Friday Jan 04, 201312:46 PM GMT
US dollar to collapse in 2013: Economist
Fri Jan 4, 2013 12:46PM
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The US dollar will collapse because China won’t finance it anymore and that is the risk that we are talking about, the risk that [the US President Barack] Obama does not tell his population and that is unconscionable; that is a lack of leadership.”

Economic analyst and broadcaster Max Keiser

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The US dollar is expected to take a value nosedive in 2013 if China refuses to continue financing Washington’s spiraling debt, an economic analyst tells Press TV.


Touching upon the recent tax law and spending cuts in the United States, Max Keiser noted in a Thursday interview with Press TV that when America takes on more debt than it is able to repay by collecting taxes, the difference is paid for and financed by China.

China’s support for the US debts has turned America into the worst G20 economy in terms of the gap between its spending and revenues, he pointed out.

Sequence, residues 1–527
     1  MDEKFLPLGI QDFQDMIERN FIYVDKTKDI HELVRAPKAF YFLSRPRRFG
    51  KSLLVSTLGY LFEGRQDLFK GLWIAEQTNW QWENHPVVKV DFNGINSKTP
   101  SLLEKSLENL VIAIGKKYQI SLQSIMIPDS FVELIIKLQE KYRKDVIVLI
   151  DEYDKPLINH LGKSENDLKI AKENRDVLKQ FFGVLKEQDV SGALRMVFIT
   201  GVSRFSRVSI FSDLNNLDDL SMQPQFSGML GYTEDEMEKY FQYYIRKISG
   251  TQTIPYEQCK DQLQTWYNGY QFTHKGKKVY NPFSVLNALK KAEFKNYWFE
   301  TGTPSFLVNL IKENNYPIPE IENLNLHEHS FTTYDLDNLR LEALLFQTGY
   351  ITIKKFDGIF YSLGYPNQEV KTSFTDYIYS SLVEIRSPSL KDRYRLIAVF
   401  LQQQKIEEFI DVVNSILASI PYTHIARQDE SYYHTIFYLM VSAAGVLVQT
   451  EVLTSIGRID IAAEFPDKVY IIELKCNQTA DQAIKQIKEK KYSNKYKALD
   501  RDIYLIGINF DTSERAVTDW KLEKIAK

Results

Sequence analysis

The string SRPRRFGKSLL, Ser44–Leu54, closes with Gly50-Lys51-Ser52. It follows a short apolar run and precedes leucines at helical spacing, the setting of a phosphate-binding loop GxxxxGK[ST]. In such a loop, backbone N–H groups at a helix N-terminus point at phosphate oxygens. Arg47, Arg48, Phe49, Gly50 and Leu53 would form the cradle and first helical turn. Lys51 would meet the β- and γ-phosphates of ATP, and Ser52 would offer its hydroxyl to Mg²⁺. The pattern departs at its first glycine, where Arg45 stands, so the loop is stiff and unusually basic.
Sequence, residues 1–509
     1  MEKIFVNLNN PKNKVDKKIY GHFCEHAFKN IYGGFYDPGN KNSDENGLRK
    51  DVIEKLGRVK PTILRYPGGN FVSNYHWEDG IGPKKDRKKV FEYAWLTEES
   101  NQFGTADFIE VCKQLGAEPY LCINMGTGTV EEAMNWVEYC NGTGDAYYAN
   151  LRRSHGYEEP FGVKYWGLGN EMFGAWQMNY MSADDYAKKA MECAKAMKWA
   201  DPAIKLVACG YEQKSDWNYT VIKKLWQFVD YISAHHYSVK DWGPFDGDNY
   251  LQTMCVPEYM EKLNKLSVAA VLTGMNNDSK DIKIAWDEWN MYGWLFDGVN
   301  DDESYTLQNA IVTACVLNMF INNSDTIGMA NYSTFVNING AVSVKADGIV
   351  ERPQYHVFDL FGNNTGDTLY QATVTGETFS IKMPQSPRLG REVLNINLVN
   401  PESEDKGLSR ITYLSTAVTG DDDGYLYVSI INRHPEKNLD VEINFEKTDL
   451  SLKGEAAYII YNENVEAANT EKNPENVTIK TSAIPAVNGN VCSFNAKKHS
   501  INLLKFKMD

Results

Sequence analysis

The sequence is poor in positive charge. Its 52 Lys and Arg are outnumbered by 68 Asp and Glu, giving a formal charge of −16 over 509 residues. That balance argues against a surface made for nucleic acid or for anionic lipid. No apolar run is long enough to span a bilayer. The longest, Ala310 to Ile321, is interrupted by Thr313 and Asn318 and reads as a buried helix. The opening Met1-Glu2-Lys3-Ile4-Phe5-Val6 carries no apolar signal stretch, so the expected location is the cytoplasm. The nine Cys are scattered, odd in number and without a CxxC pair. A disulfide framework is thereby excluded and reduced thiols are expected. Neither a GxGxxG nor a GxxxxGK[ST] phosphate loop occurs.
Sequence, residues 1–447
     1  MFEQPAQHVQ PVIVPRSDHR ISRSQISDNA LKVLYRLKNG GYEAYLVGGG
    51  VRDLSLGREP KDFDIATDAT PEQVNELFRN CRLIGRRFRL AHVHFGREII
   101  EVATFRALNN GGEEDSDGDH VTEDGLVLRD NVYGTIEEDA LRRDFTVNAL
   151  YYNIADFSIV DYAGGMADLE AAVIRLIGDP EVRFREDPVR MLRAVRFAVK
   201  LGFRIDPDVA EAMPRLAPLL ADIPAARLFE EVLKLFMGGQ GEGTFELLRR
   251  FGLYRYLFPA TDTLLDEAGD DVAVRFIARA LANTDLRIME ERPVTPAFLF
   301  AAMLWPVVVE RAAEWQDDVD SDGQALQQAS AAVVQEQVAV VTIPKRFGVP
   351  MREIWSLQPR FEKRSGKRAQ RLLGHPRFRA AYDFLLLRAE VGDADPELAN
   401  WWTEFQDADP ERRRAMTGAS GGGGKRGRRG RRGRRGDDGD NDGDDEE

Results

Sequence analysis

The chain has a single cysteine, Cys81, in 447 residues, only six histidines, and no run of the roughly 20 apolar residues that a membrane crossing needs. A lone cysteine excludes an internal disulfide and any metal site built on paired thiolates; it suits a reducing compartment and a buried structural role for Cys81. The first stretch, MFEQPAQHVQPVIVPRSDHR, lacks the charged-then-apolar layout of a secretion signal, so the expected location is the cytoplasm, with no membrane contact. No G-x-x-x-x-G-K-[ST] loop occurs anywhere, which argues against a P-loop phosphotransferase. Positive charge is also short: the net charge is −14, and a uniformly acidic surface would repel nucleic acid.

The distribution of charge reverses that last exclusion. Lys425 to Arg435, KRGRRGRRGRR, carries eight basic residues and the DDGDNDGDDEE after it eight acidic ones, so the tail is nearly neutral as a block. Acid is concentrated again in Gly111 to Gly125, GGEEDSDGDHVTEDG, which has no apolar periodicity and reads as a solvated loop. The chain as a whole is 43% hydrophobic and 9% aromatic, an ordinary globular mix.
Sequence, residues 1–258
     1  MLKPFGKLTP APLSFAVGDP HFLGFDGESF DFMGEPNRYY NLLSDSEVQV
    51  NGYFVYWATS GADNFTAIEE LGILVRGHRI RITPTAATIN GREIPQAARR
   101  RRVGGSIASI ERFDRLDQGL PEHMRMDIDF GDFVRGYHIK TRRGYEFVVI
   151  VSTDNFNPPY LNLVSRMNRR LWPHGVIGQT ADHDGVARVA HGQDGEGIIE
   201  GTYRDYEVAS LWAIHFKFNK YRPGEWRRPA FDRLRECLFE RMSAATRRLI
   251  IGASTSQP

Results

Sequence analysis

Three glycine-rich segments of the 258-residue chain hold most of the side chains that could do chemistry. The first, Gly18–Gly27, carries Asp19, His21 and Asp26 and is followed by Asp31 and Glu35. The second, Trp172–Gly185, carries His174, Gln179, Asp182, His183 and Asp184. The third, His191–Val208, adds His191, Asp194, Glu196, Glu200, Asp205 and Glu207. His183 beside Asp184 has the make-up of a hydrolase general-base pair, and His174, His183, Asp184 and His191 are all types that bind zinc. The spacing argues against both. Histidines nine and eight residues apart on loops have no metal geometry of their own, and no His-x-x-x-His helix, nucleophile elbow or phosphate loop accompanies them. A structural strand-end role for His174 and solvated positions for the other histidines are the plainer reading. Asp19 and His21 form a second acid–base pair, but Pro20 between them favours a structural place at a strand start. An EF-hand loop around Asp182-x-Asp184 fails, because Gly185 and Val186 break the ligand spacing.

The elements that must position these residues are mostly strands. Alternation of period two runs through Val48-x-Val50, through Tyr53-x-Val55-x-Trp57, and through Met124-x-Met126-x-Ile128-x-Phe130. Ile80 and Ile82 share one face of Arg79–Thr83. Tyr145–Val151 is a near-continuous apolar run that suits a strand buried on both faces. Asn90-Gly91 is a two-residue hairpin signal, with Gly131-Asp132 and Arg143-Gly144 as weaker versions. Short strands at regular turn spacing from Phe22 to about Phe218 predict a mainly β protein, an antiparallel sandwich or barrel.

Keiser noted that in 2013 “…the US dollar will collapse because China won’t finance it anymore and that is the risk that we are talking about, the risk that [the US President Barack] Obama does not tell his population and that is unconscionable; that is a lack of leadership.”

The analyst stated that US is heading into a “hyperinflationary economy” as a consequence of the catastrophe caused by “the very rich in America.”

He also warned of an imminent neo-feudalism in the global economy where there is an “incredible disparity” between the economic titans and the ordinary public.

On Wednesday, Obama signed into law the ‘American Taxpayer Relief Act of 2012’ to avert the so-called fiscal cliff.

On January 1, the House of Representatives voted 257 to 167, approving the bill, which entails raising taxes on the wealthiest Americans, while exempting others who earn less than $450,000 a year. It will also put off USD109 billion in budget cuts for two months.

The Congressional Budget Office has criticized the bill, saying it would add almost four trillion dollars to the federal deficit over a decade, since the deal continues to entitle nearly all Americans with low tax rates.

The International Monetary Fund said the bill was too limited to deal with the financial problems of the United States.

ASH/SS/IS
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